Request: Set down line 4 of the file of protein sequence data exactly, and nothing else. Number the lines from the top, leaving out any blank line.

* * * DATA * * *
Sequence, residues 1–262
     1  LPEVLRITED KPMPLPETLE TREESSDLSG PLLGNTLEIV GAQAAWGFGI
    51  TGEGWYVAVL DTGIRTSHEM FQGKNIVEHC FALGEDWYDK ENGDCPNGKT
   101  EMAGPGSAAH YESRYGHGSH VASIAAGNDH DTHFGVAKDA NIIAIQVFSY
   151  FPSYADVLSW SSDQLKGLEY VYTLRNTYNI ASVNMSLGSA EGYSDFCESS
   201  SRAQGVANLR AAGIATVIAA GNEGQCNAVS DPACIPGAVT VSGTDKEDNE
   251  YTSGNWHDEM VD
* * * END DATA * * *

   101  EMAGPGSAAH YESRYGHGSH VASIAAGNDH DTHFGVAKDA NIIAIQVFSY